I personally don't consider my Asperger's to even be a disability, just a difference, though the kind that makes it difficult to fit in with neurotypicals. I don't feel inferior in any way. Fretting about "societal injustices" is something I used to do a lot, but something I got over as I realized that it's an unhealthy waste of time, especially when you are too inexperienced to understand how society really works and too powerless to make any difference. Society is the way it is, and all I can do is account for it. I most likely won't be the one to benefit from whatever societal improvements happen, as by that point I'll already have adapted.

Thinking of accommodations, what would have been nice in my youth is a chance to talk to others on the spectrum, especially older ones who had successfully adapted to living with it. As it was, my parents didn't really understand it, my school didn't understand it, society as a whole didn't understand it (awareness of this was very low in my country back then), and I myself didn't understand it. Things just kept going to shit and no-one understood how to deal with it right. Proper mentoring would have allowed me to understand what was really going on, what others were really thinking, and how I could have properly resolved the problems that arose. The fact that awareness of the spectrum is rising and that those on the spectrum themselves are increasingly talking about it is IMO a really good thing.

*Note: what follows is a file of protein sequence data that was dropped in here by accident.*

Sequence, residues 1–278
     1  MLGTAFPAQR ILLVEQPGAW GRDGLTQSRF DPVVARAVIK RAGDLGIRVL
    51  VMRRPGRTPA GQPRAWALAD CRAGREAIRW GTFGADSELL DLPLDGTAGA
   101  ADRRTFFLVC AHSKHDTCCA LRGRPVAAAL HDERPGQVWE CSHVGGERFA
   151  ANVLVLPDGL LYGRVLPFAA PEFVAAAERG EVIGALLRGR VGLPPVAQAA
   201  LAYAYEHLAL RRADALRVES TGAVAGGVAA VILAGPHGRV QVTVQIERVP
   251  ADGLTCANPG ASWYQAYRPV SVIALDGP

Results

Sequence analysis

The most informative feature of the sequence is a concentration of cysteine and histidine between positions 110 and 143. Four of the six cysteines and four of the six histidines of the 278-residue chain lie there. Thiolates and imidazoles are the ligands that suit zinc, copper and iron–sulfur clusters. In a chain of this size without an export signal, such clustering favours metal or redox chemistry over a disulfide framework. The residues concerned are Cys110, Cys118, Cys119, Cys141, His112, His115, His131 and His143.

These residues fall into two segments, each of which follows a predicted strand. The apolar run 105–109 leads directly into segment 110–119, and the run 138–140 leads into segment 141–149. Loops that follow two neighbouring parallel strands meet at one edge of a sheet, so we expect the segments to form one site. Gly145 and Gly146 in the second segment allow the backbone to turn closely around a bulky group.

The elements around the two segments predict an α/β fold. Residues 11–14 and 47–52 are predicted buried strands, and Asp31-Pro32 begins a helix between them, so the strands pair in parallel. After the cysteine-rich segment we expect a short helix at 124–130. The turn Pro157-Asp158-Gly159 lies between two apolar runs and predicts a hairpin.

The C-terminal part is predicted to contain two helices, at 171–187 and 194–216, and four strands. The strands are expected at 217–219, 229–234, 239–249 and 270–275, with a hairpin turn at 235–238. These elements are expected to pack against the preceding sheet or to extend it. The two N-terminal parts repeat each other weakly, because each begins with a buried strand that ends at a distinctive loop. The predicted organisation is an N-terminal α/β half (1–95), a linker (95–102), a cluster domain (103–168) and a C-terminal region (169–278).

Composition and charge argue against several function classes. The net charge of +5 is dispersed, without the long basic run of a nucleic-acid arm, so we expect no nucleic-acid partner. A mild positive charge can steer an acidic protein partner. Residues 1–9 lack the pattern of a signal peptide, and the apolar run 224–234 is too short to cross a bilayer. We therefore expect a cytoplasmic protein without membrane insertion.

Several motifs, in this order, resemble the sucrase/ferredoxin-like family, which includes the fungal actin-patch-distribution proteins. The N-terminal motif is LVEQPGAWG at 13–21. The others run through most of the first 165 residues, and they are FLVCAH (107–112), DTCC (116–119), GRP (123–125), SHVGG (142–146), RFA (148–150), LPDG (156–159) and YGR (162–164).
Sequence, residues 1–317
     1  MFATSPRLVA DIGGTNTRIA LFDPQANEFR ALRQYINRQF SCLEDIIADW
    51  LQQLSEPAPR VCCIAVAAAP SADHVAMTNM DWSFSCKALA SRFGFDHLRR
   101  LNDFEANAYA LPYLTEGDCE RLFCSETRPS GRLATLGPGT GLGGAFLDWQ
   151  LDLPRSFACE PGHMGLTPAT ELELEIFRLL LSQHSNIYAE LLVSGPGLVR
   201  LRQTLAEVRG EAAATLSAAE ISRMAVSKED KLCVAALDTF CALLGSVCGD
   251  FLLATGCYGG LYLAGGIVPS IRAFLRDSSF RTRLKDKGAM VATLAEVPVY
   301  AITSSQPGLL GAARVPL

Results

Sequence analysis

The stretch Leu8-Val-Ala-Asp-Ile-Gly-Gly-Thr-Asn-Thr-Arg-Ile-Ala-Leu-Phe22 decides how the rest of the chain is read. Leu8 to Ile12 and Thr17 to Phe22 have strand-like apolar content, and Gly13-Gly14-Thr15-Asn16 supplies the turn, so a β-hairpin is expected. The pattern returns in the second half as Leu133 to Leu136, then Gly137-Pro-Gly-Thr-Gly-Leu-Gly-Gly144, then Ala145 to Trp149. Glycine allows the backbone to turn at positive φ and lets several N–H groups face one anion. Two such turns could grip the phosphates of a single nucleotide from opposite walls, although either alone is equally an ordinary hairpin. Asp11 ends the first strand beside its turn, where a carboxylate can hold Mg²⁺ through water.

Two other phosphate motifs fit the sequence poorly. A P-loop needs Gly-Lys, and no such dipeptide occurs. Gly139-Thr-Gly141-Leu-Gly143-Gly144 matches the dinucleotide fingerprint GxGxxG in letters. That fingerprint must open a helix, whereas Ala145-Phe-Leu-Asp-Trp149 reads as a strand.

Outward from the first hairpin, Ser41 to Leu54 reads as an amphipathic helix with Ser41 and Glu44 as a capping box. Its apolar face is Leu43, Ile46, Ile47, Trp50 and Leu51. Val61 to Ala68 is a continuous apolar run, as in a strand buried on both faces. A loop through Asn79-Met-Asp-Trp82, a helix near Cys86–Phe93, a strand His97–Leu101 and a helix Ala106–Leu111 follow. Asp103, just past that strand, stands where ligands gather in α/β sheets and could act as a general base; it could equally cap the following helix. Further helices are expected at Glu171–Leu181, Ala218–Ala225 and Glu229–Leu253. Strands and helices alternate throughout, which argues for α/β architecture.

What I don't care about at all is demanding neurotypicals to become some sort of "autism experts" who have to perfectly cater and be sensitive to us. I don't believe such efforts would be productive ... and from what I've seen in recent times, I wouldn't trust the people behind such efforts to run them properly, and perhaps even honestly. There's a fine line between supporting growth and accommodating failure; I support the former and oppose the latter. The vast majority of neurotypicals don't actually have any malicious intent towards those on the spectrum, so smooth coexistence and cooperation are perfectly possible. The difference in brain operation is not insurmountable (in fact, I suspect it doesn't even have to be difficult).
I think it's on us to understand how our neurological divergence works and how it relates to society, and that it's on us to stand up for ourselves and find the right place in society. This is what I will be doing, rather than fretting over neurotypicals not being instantly sensitive or accommodating to me.
 

Firuthi Dragovic

Gamer Dragon, former speedrunner
Fretting about "societal injustices" is something I used to do a lot, but something I got over as I realized that it's an unhealthy waste of time, especially when you are too inexperienced to understand how society really works and too powerless to make any difference.
Honestly, that's the lesson I learned over the last two years. There is simply WAY TOO MUCH for me to comprehend and further attempts have actually been the prime cause of meltdowns. The catch now is PURGING some of the pent-up rage I've had as a direct result without actually hurting anyone.

I've gotten to the point where if anyone tries the language on me I can often twist it on them. Not an ability I WANT to be using, but sometimes I can't hold it.

As it was, my parents didn't really understand it, my school didn't understand it, society as a whole didn't understand it (awareness of this was very low in my country back then), and I myself didn't understand it. Things just kept going to shit and no-one understood how to deal with it right.